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Prism by Roland Allnach


Reviewed by Douglas Cobb

Just like prisms reveal brilliant colors of the spectrum, so does Roland Allnach’s collection of short stories, Prism, reveal a wide spectrum of brilliantly written short fiction written by a master storyteller. The majority of the 17 short stories in Prism have been previously published in venues ranging from Rose & Thorn Journal to Bewildering Journal. Prism is like a collection of greatest hits that just keep on coming, each successive tale better than the preceding one, but all of them crafted and refined by a genius wordsmith.

This review won’t discuss every single one of the gems within the pages of Prism, as that would somewhat spoil the joy that readers of this fine collection owe to themselves to experience firsthand. However, I will mention a few of the short stories to give you a tantalizing taste of the banquet of tales that await you.

Prism by Faye Kellerman and Aliza Kellerman

prismReviewed by Kristen Leong (Note: Kristen is one of our young adult reviewers).

Faye and Aliza Kellerman have written an intriguing novel about a trio of teenagers who have unknowingly strayed into another world. I was hooked right from the beginning and the story kept me interested with all of the new things learned along the way as the characters find out more about the new world they’re in. Kaida, Zeke, and Joy are totally human–they’re not too perfect and all of their imperfections make them all the more believable as characters. The plot moved at a good pace and there was never a point in the story where I wished it would all move faster–all of the pertinent parts are in the book and there is minimal filler which is always a plus. The ending is going to keep readers waiting for a sequel–there are some questions that need answering.

Imagine waking up upside down in a car that’s about to explode in a fiery ball of flame. Imagine waking up in another world that’s so deceptively familiar, you can barely detect the difference. Kaida Hutchenson, Zeke Anderson, and Joy Tallon come from different parts of the social caste, but the school doesn’t care about that–the three teens are thrown together for the class trip to the Carlsbad Caverns. Kaida is not looking forward to hours spent in the car with perfect jock Zeke and prodigial loner Joy. Armed with Benedryl (for both her allergies and as a sleep-aid), Kaida embarks on a car trip that will change her forever.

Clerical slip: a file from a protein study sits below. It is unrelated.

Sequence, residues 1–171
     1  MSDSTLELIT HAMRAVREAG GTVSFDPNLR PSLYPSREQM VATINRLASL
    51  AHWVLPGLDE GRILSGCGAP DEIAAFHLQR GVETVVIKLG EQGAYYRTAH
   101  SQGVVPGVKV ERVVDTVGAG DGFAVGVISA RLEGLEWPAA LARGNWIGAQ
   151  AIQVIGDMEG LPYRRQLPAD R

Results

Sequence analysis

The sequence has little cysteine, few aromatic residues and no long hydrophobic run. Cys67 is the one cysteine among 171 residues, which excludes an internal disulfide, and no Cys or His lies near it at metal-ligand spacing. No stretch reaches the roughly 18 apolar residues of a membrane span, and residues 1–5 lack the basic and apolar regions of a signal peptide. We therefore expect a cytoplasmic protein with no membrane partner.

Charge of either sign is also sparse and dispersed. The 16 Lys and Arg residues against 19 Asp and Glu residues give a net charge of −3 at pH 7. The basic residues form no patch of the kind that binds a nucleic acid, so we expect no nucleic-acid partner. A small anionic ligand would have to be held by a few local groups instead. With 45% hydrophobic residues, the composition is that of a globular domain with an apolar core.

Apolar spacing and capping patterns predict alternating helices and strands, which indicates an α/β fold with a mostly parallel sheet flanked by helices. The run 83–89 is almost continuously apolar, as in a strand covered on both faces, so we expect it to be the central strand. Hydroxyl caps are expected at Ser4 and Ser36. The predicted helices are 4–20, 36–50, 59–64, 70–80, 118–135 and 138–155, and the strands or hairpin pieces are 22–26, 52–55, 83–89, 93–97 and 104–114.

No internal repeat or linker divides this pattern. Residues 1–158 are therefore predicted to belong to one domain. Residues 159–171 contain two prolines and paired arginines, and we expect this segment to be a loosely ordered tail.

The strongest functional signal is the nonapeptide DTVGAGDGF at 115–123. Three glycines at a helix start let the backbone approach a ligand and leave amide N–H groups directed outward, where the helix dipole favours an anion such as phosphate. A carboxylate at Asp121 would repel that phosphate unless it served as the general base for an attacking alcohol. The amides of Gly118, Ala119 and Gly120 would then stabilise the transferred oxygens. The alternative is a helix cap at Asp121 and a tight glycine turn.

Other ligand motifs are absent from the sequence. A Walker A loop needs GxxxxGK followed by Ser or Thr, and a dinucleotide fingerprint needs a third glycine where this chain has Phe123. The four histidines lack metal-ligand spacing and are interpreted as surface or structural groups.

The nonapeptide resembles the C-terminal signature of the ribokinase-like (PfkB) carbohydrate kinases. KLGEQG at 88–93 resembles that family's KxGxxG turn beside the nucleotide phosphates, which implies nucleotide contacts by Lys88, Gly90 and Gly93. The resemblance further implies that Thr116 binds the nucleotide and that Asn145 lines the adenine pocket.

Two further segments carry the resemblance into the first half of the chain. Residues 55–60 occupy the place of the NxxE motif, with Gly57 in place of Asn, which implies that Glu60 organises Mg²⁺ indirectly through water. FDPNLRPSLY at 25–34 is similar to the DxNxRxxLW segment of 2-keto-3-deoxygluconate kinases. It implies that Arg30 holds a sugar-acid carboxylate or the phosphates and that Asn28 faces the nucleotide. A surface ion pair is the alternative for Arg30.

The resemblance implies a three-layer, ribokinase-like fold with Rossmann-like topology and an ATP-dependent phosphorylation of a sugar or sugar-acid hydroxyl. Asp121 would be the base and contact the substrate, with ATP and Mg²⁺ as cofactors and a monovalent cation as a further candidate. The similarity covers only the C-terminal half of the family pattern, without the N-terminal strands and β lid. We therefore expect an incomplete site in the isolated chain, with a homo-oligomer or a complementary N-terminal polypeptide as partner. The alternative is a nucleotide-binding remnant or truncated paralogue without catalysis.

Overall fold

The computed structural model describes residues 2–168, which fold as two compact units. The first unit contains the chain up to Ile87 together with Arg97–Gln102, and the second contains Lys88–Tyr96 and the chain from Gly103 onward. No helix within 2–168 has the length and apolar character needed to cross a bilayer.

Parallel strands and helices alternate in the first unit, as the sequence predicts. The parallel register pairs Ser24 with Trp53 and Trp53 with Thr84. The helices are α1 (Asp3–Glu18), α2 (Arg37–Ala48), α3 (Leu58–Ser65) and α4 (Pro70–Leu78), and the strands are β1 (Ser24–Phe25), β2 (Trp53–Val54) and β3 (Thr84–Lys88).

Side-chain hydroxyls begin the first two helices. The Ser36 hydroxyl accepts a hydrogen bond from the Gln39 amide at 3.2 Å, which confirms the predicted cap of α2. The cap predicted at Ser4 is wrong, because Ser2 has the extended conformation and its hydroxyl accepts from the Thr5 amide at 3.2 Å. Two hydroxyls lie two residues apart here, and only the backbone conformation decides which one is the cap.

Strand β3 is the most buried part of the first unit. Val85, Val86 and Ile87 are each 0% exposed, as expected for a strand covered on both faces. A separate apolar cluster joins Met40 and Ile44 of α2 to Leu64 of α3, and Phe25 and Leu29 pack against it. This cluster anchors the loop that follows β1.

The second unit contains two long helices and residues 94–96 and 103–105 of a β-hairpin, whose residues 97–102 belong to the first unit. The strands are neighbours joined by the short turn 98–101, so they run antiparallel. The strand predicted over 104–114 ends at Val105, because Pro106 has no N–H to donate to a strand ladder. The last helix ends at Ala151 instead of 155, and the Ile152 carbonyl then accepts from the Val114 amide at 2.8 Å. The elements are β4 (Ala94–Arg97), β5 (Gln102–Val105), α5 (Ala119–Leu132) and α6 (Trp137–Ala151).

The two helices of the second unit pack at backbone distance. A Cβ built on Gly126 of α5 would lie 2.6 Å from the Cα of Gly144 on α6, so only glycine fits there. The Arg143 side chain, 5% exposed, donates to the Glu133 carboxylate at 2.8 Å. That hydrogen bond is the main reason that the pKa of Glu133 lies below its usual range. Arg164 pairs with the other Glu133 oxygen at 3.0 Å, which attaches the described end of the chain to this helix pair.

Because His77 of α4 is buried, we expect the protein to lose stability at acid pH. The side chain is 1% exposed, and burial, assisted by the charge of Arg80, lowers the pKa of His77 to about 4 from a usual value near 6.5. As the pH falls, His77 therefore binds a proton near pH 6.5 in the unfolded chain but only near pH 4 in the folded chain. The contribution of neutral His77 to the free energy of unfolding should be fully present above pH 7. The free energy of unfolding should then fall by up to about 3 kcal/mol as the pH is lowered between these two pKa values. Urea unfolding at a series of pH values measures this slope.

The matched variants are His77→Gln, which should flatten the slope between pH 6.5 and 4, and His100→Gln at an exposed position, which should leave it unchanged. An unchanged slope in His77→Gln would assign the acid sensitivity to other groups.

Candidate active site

The trip starts out as she predicted; Zeke is boring her, Joy is quietly ignoring the other two, and Kaida is bored out of her mind. Mr. Addison isn’t helping matters, either, he’s driving at 25 miles per hour and the trip couldn’t possibly go on for a longer time. To escape the mind-numbing boredom, the three decide to sleep and hopefully, they’ll arrive at the caves when they wake up. However, a horrific accident followed by a fiery explosion changes all of this and the three are left stranded in the desert with no way of calling for help. Joy accidentally leads the three down a path in a cave they take shelter in and poof, they’re back in their own beds ten days before the class trip.

Kaida wakes up in her room and decides that it was just a terrible nightmare. She finds that the world is exactly the same. Except, where’s her Advil for her headache? And she cannot have possibly misplaced all of her Benedryl, could she? Things are not what they seem in this world and everyone’s acting stranger than usual. Kaida, Joy, and Zeke must now work together in order to find their way out of this mysterious new world that seems so like their own, but not.